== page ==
Lipid droplets (LDs) are intracellular organelles responsible for lipid storage, and they emerge from the endoplasmic reticulum (ER) upon the accumulation of neutral lipids, mostly triglycerides (TG), between the two leaflets of the ER membrane. LD biogenesis takes place at ER sites that are marked by the protein seipin, which subsequently recruits additional proteins to catalyze LD formation. Deletion of seipin, however, does not abolish LD biogenesis, and its precise role in controlling LD assembly remains unclear. Here, we use molecular dynamics simulations to investigate the molecular mechanism through which seipin promotes LD formation. We find that seipin clusters TG, as well as its precursor diacylglycerol, inside its unconventional ring-like oligomeric structure and that both its luminal and transmembrane regions contribute to this process. This mechanism is abolished upon mutations of polar residues involved in protein–TG interactions into hydrophobic residues. Our results suggest that seipin remodels the membrane of specific ER sites to prime them for LD biogenesis.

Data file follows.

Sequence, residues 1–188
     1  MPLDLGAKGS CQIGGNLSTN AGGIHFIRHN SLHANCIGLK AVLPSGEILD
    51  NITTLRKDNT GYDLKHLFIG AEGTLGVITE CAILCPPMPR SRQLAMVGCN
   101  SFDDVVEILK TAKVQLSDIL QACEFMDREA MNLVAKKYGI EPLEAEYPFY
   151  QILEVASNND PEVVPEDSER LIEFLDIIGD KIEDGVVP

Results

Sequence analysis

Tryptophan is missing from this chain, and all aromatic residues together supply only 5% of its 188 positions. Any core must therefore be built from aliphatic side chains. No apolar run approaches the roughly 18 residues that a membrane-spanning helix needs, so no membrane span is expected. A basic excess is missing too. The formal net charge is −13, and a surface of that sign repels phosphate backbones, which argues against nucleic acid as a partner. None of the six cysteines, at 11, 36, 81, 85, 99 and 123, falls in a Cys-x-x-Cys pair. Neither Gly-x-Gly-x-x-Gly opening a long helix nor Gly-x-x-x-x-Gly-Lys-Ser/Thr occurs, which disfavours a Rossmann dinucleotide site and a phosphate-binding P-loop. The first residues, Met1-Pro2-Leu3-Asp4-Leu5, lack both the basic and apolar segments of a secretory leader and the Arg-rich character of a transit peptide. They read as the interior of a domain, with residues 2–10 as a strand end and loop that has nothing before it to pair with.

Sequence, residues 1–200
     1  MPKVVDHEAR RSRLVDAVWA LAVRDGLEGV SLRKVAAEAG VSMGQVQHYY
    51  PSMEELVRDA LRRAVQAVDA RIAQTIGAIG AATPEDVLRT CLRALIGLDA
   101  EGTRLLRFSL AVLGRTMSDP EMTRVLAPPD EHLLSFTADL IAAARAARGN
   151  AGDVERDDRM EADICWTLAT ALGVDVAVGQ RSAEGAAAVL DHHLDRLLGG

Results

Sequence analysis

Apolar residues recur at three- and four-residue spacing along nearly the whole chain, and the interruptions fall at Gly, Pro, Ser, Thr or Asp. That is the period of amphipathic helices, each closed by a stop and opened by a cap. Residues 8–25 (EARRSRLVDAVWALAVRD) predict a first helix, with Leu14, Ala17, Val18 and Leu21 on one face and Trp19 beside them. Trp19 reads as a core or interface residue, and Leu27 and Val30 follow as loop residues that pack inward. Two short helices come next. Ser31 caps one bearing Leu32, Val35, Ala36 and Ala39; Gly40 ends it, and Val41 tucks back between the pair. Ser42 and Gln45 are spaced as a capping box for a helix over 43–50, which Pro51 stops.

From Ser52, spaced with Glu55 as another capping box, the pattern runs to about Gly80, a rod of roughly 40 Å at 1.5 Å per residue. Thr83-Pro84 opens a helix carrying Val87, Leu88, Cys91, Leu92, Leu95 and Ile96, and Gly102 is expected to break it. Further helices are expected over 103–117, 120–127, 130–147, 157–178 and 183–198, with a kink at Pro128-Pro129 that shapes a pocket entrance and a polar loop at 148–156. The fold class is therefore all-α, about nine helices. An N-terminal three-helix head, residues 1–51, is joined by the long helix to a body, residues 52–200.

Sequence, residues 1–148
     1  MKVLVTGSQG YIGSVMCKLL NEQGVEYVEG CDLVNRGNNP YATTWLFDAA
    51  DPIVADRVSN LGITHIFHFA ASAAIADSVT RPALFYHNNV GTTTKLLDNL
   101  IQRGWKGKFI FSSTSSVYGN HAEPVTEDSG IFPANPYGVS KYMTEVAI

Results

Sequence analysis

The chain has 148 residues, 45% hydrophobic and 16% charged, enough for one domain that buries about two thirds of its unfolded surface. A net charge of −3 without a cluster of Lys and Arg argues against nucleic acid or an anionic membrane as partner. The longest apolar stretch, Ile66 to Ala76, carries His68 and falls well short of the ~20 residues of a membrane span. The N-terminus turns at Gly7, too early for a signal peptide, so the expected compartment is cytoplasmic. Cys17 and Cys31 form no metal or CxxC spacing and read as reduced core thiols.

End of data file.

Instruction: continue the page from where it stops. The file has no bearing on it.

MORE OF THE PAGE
|Journal||Proceedings of the National Academy of Sciences of the United States of America|
|Publication status||Published - Mar 9 2021|
- Endoplasmic reticulum
- Lipid droplets
- Lipid membranes
- Molecular dynamics
ASJC Scopus subject areas